Still, the lack of a compelling core cast might not have mattered so much if Vinyl had just taken its cues from the great rock films that preceded it. It could have gone softer, embracing the clichés of rock fandom in a wistful, romanticized Almost Famous sort of way. Or it could have gone the other way and embraced the detached irony of Paul Thomas Anderson’s Boogie Nights, which let the aesthetics and soundtrack set the mood and featured composite characters versus portrayals of real-life people (in this case porn stars instead of rock stars). It could have even gone montage-ish, melding authentic newsreel footage from the era with fictional characters and scenes, as Michael Winterbottom did so successfully with his vibrant 24 Hour Party People.

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All three of the above films pulled off something simple yet very special: They depicted the ‘70s and early ‘80s, a music-fueled era that many viewers are old enough to still hold near and dear, in a way that rings true. Todd Haynes’ Velvet Goldmine, David O. Russell’s American Hustle, and Richard Linklater’s Dazed and Confused all did the same, proving that you can play with nostalgia — so long as you do it right.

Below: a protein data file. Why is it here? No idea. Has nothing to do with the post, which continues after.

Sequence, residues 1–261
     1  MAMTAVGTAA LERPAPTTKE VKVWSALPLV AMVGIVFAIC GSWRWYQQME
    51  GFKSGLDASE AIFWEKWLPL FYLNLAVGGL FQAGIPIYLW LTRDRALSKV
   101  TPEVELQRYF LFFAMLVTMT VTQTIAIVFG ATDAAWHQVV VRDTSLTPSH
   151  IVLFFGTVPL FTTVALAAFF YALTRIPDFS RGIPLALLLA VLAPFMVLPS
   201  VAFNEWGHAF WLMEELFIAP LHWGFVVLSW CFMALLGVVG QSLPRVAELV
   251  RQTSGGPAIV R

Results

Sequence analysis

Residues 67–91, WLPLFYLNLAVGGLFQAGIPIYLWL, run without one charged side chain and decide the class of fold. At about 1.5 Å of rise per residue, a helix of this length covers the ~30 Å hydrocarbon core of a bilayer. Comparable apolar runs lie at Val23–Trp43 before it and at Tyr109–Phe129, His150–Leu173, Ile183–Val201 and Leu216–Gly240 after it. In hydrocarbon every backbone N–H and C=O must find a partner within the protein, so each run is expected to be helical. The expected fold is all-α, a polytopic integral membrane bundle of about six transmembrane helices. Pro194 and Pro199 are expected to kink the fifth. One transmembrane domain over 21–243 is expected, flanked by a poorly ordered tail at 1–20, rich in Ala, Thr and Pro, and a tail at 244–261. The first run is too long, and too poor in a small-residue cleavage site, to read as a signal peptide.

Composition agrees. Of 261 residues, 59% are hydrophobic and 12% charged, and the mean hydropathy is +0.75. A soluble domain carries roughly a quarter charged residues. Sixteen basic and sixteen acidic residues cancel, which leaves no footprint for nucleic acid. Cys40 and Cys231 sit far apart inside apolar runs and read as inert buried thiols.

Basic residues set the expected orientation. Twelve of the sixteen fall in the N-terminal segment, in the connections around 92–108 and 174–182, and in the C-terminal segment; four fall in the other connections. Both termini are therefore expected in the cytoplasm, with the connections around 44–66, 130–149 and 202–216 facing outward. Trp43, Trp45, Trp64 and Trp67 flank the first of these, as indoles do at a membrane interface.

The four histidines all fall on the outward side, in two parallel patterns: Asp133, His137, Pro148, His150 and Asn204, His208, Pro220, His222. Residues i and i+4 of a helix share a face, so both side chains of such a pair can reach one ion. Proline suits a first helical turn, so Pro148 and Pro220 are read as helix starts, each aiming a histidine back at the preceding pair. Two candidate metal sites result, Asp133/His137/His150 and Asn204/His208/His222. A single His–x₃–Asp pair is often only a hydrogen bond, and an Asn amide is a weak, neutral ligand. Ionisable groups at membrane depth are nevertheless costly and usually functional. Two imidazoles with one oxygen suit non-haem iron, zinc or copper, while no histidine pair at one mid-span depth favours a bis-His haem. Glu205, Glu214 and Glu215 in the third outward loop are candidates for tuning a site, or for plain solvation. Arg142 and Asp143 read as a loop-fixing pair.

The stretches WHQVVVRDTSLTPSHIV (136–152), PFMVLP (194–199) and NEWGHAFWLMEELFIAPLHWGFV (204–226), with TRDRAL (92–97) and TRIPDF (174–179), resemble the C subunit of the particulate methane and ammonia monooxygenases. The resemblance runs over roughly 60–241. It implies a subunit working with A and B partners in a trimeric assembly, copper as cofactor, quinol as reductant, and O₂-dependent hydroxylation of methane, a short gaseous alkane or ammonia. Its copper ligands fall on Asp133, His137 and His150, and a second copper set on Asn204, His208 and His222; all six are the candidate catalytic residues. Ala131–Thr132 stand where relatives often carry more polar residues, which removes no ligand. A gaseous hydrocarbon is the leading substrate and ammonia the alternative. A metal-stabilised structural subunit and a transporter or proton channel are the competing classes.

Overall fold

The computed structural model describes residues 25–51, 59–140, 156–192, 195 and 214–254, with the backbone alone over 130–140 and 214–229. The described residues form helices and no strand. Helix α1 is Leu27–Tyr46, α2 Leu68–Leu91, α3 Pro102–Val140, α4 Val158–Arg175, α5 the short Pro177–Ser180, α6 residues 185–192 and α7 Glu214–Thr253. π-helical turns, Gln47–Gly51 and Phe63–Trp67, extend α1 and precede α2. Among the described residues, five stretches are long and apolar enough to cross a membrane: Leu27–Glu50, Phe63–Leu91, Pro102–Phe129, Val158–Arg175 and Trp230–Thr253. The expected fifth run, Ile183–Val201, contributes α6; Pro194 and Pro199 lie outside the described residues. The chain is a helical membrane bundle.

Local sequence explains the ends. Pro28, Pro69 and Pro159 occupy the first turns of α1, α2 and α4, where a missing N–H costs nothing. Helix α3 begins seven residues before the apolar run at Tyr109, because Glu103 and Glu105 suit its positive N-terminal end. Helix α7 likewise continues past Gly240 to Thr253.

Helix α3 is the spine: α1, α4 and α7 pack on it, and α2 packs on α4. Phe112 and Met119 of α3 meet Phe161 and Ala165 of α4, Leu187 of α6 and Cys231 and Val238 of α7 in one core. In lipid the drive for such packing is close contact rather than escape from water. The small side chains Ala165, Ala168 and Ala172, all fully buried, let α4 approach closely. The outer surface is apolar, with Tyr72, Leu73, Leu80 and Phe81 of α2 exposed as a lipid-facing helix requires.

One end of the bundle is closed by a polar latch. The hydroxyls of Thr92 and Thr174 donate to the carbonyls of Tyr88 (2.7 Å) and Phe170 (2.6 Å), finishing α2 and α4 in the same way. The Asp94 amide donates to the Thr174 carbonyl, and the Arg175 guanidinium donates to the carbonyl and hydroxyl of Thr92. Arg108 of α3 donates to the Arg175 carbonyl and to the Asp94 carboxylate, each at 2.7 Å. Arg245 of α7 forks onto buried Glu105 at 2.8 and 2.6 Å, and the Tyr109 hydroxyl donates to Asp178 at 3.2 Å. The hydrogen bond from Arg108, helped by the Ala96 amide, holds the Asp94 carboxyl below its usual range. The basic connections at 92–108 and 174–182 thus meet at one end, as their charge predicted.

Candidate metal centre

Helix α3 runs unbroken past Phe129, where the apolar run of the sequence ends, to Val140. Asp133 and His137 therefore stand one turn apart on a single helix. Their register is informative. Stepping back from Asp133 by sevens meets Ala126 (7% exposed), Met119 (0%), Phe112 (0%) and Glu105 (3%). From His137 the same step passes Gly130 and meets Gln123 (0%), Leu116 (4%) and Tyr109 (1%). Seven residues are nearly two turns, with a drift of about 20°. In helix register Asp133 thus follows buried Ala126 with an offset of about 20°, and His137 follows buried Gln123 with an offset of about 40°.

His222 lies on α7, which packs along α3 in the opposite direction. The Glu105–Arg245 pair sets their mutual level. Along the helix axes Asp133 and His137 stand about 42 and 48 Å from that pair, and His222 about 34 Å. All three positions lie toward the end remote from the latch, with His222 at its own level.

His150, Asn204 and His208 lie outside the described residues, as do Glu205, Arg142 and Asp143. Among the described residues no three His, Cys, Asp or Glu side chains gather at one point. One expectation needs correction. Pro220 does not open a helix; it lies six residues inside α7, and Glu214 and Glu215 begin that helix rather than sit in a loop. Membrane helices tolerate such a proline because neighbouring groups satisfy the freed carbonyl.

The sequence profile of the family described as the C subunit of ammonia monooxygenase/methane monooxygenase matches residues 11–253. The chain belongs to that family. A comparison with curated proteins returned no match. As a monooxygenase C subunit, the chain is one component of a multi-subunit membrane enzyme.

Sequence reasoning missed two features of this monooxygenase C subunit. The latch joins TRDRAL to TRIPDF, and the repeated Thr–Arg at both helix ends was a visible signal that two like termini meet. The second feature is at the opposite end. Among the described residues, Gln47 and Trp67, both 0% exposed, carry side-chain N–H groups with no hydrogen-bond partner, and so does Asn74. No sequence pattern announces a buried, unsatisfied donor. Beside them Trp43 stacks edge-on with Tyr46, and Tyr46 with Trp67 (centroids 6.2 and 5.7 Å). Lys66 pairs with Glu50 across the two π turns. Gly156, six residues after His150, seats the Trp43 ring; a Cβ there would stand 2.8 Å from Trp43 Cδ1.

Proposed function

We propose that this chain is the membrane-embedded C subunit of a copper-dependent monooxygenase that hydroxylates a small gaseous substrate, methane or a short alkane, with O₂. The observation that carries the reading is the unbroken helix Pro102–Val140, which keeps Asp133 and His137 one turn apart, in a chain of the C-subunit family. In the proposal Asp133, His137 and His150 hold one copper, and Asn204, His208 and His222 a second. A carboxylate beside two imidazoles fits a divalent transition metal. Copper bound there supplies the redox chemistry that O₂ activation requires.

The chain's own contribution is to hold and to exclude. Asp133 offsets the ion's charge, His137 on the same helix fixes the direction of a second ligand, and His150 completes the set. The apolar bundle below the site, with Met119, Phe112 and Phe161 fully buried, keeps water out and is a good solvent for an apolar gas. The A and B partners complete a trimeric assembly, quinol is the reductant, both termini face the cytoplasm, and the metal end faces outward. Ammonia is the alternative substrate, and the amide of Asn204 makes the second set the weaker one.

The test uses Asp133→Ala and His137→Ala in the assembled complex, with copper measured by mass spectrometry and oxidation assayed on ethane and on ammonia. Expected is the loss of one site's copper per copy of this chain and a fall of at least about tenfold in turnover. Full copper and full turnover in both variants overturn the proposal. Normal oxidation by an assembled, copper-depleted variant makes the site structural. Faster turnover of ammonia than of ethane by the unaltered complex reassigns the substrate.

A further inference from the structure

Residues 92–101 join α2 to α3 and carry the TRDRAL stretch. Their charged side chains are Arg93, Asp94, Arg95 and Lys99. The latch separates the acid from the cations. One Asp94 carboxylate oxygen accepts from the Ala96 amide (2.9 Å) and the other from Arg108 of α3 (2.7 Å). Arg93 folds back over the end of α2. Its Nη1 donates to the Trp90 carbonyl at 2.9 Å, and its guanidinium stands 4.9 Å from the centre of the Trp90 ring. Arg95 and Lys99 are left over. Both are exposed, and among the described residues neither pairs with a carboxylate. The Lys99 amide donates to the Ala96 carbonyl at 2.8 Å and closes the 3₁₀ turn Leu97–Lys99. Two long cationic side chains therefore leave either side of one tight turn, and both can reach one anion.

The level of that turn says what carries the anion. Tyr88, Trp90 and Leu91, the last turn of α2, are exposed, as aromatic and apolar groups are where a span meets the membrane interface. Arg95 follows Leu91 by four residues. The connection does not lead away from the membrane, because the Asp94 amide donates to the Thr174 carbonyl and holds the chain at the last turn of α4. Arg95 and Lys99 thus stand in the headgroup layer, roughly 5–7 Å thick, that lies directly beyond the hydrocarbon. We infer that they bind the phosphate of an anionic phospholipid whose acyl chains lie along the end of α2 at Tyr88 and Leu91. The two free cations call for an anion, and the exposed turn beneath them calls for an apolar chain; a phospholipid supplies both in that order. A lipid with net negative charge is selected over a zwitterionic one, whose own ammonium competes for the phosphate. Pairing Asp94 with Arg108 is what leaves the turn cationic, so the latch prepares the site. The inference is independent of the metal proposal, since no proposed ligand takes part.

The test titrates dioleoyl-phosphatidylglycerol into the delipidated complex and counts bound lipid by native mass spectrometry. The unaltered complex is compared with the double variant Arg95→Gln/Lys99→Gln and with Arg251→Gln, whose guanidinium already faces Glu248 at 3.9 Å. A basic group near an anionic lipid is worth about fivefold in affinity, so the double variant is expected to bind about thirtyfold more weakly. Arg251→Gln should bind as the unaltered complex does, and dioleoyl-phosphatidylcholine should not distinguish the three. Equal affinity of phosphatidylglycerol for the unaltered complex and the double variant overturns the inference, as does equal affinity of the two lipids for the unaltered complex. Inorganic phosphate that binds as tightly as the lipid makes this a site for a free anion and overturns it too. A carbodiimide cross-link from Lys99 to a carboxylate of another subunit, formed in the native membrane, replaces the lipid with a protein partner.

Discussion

Ultimately, Vinyl was missing what made hit TV shows like the ‘60s-framed Mad Men, the Judd Apatow-produced Freaks & Geeks, and, to a lesser extent, That ‘70s Show endure: affectionately framed nostalgia with references to the past as well as the purity of perspective. This show was so busy trying to be provocative and evocative of the era that it never captured the sense of wonder we all remember when we look back at how music first made us feel. It merely pretended to, and that’s really what pissed people off.

Many felt like Vinyl was faking it, and maybe it was. But for some of us, it was exciting to see the subject matter on screen in any form. Hip-hop has Empire, but what does rock and roll have now? That dismal Dennis Leary comedy Sex&Drugs&Rock&Roll? Showtime’s Roadies? Neither are better than Vinyl. Most music lovers — especially ‘70s music lovers — need and want something beyond the dress-up and debauchery that Scorsese and Jagger gave us. They expect more from their rock-themed television, and maybe we all should.

Vinyl might have eventually become that something more, if only the show had been given a few more spins before they took the needle off for good.